Wednesday, 26 September 2018

Alternatives find a market

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The success of the LSE’s AIM has highlighted a sentiment shift among investors and issuers to alternative listing platforms. A rise in international listings has played a big part in the growth but, if the US relaxes its rules, that impact could be diluted as Ian Forrest reports.

There is no disputing the success of AIM since inception in 1995. The real growth, however, began in 2004 when admissions leapt from 162 to 355. The amount of money raised, both from IPOs and follow-on offerings, has also grown substantially. In 1995 flotations raised £514m, rising to £9.9bn for 2006. Secondary offerings, which are possibly a greater demonstration of the faith that investors have in a market, grew from £302m to £5.7bn over the same period.

Overseas companies have played a large part in that growth, particularly over the past three years. Just 16 overseas companies were listed in 2003, rising to 124 in 2006. So far this year, a further 39 have joined the market, meaning that 24% of its members now come from outside the UK.

Much of this is down to a growing awareness of AIM around the world, helped by the LSE’s decision to set up teams focusing on different regions. The recent takeover of Italian exchange Borsa Italiana should also give a welcome boost to AIM’s visibility in continental Europe.

Lower listing fees are a big part of the attraction, with added benefits of no minimum freefloat required and no minimum track record rule. Another big attraction is the location. London has long been regarded as the ideal place to list, because of the size of the investor base and the number of investors with knowledge of the small-to-mid-cap sector in the UK. And small to mid-caps can gain the sort of visibility on AIM that would be difficult on a senior market.

“Companies with a market capitalisation of less than US$1bn find it hard to generate interest from institutional investors and analysts”. Tracey Pierce, head of global business development at the LSE.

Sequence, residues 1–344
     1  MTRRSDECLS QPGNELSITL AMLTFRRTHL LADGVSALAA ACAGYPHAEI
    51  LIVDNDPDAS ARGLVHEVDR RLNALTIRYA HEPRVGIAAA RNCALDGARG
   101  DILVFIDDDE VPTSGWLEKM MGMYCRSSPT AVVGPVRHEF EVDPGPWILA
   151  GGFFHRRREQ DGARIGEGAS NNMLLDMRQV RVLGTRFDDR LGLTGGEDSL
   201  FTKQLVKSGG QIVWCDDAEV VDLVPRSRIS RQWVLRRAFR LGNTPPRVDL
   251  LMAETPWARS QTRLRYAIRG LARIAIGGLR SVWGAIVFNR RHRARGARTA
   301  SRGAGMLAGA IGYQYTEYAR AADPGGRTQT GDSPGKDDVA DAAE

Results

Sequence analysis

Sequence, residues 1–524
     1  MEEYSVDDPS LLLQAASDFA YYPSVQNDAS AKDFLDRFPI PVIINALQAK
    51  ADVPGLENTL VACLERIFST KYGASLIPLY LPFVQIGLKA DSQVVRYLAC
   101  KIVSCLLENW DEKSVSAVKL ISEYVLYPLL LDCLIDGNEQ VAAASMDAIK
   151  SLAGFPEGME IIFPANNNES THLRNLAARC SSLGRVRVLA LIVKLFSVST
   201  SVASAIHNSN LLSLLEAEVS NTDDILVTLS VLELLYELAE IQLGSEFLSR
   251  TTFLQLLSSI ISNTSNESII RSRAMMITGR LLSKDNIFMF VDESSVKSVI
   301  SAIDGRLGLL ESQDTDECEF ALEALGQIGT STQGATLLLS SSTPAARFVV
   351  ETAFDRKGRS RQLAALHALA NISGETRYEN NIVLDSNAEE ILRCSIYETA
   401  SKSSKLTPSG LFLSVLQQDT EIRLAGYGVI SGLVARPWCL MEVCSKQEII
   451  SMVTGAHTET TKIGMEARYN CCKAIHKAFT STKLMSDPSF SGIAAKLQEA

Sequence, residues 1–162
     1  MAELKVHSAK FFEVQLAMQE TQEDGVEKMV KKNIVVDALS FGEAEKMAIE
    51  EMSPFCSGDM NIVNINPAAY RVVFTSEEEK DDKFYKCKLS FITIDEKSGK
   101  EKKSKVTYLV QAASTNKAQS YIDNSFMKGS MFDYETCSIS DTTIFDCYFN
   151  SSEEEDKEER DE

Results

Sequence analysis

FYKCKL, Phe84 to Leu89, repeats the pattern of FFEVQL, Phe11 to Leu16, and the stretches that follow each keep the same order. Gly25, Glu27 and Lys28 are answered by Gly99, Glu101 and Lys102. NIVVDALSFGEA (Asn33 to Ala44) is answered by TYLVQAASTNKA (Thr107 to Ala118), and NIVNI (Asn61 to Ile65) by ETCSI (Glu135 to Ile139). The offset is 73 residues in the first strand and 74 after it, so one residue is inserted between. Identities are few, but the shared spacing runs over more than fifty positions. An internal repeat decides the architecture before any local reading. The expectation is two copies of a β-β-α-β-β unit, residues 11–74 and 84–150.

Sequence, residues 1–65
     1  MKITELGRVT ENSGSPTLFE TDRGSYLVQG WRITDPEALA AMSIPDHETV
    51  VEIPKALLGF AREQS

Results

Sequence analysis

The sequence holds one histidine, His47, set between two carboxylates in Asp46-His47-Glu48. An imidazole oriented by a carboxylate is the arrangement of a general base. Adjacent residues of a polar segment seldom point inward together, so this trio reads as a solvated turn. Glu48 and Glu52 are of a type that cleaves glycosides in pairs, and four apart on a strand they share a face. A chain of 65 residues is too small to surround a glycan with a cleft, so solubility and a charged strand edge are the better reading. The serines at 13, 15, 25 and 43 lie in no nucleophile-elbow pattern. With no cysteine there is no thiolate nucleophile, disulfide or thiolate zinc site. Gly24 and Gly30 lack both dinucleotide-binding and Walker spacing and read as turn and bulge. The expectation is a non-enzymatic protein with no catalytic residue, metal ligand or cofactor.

The tightening of US market regulations, following Sarbanes-Oxley, and the US requirement for quarterly reporting has also driven an increasing number of North American firms to London’s AIM.

The number of admissions by US companies grew 39% last year to 25, and 13 more have joined the market so far this year. US securities laws require that their shares trade in certificate form for the first two years. That has naturally led to settlement and liquidity problems for some companies.

The huge growth in international admissions, and criticism from oversease exchange operators, particularly in the US, led the LSE to review AIM’s regulatory structure. The LSE’s main market is regulated by the UK Listing Authority. By contrast, AIM is regulated by its own in-house team. The FSA officially supervises the regulation of AIM, but day-to-day management is left in-house.

The review resulted in the introduction of stricter procedures for companies with a market capitalisation above £300m and those listing GDRs. Another outcome was the adoption of a formal rule book for nominated advisers (nomads). Alongside the new nomad rulebook, regulations have also been introduced this year requiring companies to maintain a website and disclose information in areas such as corporate governance.

Some of AIM’s success, however, comes down to the fact that many of its members simply did not qualify for a listing elsewhere. It has been described as “dangerous” by US billionaire financier Wilbur Ross, who highlighted that a number of companies had fallen far short of the business performance they had been forecasting when they floated on AIM.

However, other bankers say that investors are aware that AIM is intended for small, early stage growth companies that do not meet the requirements of the main market, and the level of risk is bound to be greater.

“Ultimately, the proof of the pudding has been in the eating. An ever increasing number of institutional investors have been prepared to put their clients’ money into AIM,” said Marcus Stuttard, the deputy head of AIM.

Alternext and First North, the junior markets of Euronext and OMX respectively, are much smaller than AIM but have also grown rapidly. Alternext recently celebrated its 100th listing, raising over €1bn from IPOs and follow-on deals since it was established two years ago. First North started life in May 2006 and now has 116 members.

AIM’s future depends as much on the future of its parent, as it does on expanding the geographic reach. Nasdaq’s influence over the platform through its 31% holding in the LSE looks set to be removed. The US exchange’s stake in the LSE will be reduced to just 22% following the LSE’s acquisition of Borsa Italiana, and Nasdaq is now looking at strategic options for a disposal of its holding.

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